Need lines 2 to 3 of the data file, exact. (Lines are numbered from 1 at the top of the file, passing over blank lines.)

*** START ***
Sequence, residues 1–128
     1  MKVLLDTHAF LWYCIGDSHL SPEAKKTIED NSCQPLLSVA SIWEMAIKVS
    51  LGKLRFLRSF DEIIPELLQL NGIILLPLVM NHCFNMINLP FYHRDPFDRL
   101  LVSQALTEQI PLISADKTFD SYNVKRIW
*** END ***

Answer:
     1  MKVLLDTHAF LWYCIGDSHL SPEAKKTIED NSCQPLLSVA SIWEMAIKVS
    51  LGKLRFLRSF DEIIPELLQL NGIILLPLVM NHCFNMINLP FYHRDPFDRL